Many of your clients are big-name brands that are
featured on ads that are widely seen by the general public. Is
there a matter that stands out for you because of its impact on
other advertising-related cases or disputes?
Some of the big false advertising Lanham Act cases that I have
been involved in have made law that has been important to industry
in general and this area of the law in particular. For example, in
a variety of cases for AT&T, we have established the industry
rules governing how to communicate properly about coverage,
reliability and data speed performance – all of which are
used in just about every ad you see for a phone or cable company
these days. For Molson Coors (and Miller Brewing before it), we
have established some law that cements liability for literally
false claims, even ones that are corrected pretty quickly.
I have also been quite active in the American Bar
Association’s (ABA) Antitrust Law Section, which is a venue for
thought leadership in the area, that brings together a
“who’s who” of practitioners, scholars and
regulators. I have written chapters on Lanham Act law and on claims
substantiation for leading ABA treatises. I also work closely with
one of the world’s leading experts on sensory substantiation
(for example, “tastes better” claims) and, through a
course sponsored by the expert, together we have helped train about
a decade’s worth of professionals in the field on claims
support and the law.
The advertising industry is an ever-changing landscape.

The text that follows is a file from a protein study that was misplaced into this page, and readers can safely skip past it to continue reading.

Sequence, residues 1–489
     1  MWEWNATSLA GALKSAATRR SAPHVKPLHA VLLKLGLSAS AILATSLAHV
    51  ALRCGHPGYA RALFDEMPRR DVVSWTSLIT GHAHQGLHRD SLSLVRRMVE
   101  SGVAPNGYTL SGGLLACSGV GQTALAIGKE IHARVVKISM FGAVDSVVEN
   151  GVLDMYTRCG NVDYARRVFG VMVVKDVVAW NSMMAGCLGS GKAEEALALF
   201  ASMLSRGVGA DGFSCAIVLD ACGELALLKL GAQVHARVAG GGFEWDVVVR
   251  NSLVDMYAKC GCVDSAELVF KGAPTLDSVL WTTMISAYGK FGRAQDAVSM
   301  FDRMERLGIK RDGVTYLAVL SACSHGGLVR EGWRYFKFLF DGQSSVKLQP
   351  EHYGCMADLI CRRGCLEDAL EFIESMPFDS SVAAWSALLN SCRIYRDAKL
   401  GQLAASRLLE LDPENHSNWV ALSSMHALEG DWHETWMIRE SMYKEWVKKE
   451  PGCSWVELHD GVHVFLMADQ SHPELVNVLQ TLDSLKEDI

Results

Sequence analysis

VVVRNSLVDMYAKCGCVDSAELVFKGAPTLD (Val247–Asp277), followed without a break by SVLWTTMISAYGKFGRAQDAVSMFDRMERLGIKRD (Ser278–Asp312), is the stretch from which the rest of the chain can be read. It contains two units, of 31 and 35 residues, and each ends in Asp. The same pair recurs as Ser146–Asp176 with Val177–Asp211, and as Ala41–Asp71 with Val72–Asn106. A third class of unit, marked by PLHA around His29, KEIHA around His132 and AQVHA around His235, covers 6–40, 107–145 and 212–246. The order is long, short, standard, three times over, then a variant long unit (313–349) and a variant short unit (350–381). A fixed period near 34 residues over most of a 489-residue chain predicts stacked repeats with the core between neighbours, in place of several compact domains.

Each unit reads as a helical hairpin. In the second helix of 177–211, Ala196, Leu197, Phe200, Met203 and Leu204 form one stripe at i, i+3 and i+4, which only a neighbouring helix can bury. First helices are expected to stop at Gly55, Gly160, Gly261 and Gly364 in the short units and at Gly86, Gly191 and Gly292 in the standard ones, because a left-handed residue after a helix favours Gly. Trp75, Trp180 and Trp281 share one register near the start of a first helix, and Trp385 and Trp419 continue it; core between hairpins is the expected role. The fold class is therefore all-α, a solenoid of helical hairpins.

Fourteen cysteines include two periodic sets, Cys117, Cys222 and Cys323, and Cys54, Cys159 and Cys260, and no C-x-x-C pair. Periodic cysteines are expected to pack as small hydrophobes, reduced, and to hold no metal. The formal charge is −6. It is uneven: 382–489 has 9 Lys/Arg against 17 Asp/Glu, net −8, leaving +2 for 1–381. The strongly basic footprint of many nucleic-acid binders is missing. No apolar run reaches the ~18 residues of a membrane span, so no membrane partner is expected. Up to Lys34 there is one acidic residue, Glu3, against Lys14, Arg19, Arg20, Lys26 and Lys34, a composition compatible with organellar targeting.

From your perspective, have laws and regulations kept up with
shifts in the industry? And do you anticipate any noteworthy legal
developments in this area in the upcoming year?
I love working in this area because it is dynamic and relevant
to our everyday lives. However, the law always seems to be a step
or two behind this ever-changing landscape, which is perhaps
inevitable when you have all of these talented, creative and
imaginative people working to advance business. So, part of what we
try to do is peer around corners and anticipate risks for our
In terms of what to expect in 2023, my best guesses include the
- Class actions will continue to increase, which will touch every
- The Federal Trade Commission (FTC) will become even more
aggressive, seeking to publish new rules and bring new enforcement
matters as the FTC eyes a potential change of administration in
2024 and tries to rush as much through as it can in the next two
- There are likely to be changes to Section 230 of the
Communications Decency Act, which broadly speaking immunizes
internet platforms from liability relating to the posting of